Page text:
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The best sakes tend to come from cold places Intro to sake books haven't been as successful as intro to wine books, and not only because wine is much more popular. Sake books tend to get bogged down early in describing how sake is made. It's an important question, but the answer isn't simple, nor does it have much to do with the really key questions about sake, such as How do ...
Courtesy Stag and Hen, Amsterdam The Champagne Bureau was in San Francisco last week for a huge trade tasting. I sipped a bunch of delicious Champagnes and left a happy camper. I guess they wanted me to write about the uniqueness of Champagne. It's illegal to call sparkling wine made outside the region "Champagne" in 117 countries, but not in the U.S.
David and Carla Ramey met at a winemaker dinner David Ramey has been a major figure in California wine for several decades. After graduating from UC Davis, he did a stint at Château Pétrus in Bordeaux and worked at Matanzas Creek, Chalk Hill, Dominus Estate and Rudd Estate before going out on his own with Ramey Wine Cellars in 2002.
Proposition E would put a 2 cents per ounce tax on sugary soft drinks if San Francisco voters pass it in November. The American Beverage Association -- mostly Coke, Pepsi and their distributors -- has launched a multimillion-dollar campaign against it. San Francisco and its horde ...
Wine doesn't make a great documentary subject. You can't capture the feeling of drinking an amazing wine on film, and in talking about it, you risk sounding like someone describing an orgasm. That's not what makes "American Wine Story," released this week for sale online, dull. First-time director David Baker exhibits a frequent problem of people trying to chronicle the lives ...
"This wine has an excellent bouquet and a long finish. It's a credit to the winery's human resources director." Who's the most important employee at a winery? You might think it's the winemaker or vineyard manager. But they're not paid like it. Wine Business Monthly released its annual salary survey in its October issue, and I was struck by how many people are paid more than the winemaker.
After a dull June primary in California, November has a lot of interesting decisions, and I'm here to help you make them. I read the endorsements from the Los Angeles Times, which did a fine job on statewide races, as well as the Sacramento Bee and the San Francisco Chronicle, which was even weaker than usual.
People who say "you can never be too rich or too thin" have never read Stephen King. I'm here to tell you that you can also have too many wines. For about a year, I got out of the habit of reviewing wines at home. If you read this blog, you know that wine reviews in a vacuum aren't my raison d'être. I like telling stories, and if I can tell a story about a bottle, I like to do it.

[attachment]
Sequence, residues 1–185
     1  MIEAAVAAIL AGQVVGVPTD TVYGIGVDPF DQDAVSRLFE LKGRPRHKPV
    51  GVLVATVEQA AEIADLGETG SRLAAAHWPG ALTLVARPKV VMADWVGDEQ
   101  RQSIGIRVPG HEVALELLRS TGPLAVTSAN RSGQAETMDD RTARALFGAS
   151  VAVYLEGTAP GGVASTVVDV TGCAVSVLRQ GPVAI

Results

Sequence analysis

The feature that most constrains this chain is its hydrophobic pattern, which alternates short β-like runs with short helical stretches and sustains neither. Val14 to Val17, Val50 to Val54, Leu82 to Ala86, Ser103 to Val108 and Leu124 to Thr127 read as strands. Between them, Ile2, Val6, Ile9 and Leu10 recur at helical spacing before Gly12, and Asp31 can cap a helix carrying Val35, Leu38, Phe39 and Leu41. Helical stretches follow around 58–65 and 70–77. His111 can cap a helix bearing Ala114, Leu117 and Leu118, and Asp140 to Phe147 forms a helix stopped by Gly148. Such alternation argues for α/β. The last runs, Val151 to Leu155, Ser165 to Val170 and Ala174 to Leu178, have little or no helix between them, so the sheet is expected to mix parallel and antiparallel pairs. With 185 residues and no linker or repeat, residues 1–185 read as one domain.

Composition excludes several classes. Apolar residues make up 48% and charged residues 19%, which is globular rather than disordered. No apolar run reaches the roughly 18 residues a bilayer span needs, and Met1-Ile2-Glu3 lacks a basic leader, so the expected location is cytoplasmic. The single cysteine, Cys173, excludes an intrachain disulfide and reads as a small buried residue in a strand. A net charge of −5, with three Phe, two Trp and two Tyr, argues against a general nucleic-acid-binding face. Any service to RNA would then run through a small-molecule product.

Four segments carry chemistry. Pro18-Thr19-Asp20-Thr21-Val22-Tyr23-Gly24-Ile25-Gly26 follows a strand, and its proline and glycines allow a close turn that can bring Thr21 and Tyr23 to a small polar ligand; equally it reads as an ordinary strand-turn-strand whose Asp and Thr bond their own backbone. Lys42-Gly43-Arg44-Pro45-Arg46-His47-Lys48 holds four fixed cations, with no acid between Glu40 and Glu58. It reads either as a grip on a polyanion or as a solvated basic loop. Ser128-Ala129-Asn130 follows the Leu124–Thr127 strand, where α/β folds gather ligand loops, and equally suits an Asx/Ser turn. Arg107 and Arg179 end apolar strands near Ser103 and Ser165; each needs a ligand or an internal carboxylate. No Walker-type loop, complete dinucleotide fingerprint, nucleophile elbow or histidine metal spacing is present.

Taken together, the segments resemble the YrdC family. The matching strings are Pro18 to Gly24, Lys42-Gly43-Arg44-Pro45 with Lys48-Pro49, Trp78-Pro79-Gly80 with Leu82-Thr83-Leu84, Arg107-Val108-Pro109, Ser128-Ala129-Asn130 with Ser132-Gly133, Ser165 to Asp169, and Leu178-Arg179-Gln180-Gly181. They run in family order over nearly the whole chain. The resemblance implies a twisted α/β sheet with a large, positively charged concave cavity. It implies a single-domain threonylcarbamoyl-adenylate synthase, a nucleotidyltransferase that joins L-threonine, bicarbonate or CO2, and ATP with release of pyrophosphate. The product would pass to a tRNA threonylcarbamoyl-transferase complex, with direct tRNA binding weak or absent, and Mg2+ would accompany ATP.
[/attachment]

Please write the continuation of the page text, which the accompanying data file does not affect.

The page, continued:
I'm typing this post from a lowball liquor and packaged food convention where I'm not really supposed to be ... it's a long story. At the next couch, two people are preparing a bid for industrial vacuum-packed rotisserie chicken. There are sooo many bottles of scary-looking hooch designed for 99-cent stores.
Last month a wine buyer for a major northern California grocery store chain made this observation at Wines & Vines' packaging seminar. "Baby boomers are still driving volume. They come in and buy six wines and don't ask about them," said Curtis Mann, wine & ...
Can Wine Spectator now openly offer higher ratings to wineries that buy advertising -- and threaten lower ones to wineries that don't? It appears that it can. So can the Wine Advocate, Wine Enthusiast, CellarTracker, and any other site publishing ratings. For years, some wineries have whispered that such practices might be informally happening, even though there has never been any evidence.
The view from the deck at Cade Estate The best way you can help Napa Valley rebuild from the earthquake is to visit. Tourism can take a hit after a quake, and that impacts a lot of local jobs. More than 95% of Napa wineries, restaurants and hotels are open and they want you to come and spend your money.
This story is so wrong. A few days after the Napa earthquake, which I covered extensively for Wine Searcher, I was a guest on a southern California radio program. The host was mainly interested in how wine prices were going to go up. I explained that Napa makes 4% of the wine in California, and only a part of Napa was affected.
By day, Frank Pagliaro is a mild-mannered wine store owner. But then he goes into the back room, possibly sliding down some sort of pole, and emerges as Batman, Delaware edition. Gotham City's Batman takes on the Joker and Bane and barely survives. Wilmington's Batman takes on the AssClown and The AssClown's Cousin Julio, and not only does he triumph, he posts video on Youtube.
Fireball Cinnamon Whiskey is the hottest liquor brand in the country, and I'm not talking about the taste. It has added easily the most sales in dollar and volume over the last year, according to Nielsen. Two vodkas -- Tito's and New Amsterdam -- are runners up. Yesterday, Nielsen's beverage alcohol head Danny Brager gave a presentation in San Diego about what's going on in the U.S. booze market.
Best Blogger/Online Wine Writer (in the world!): Roederer Award 2013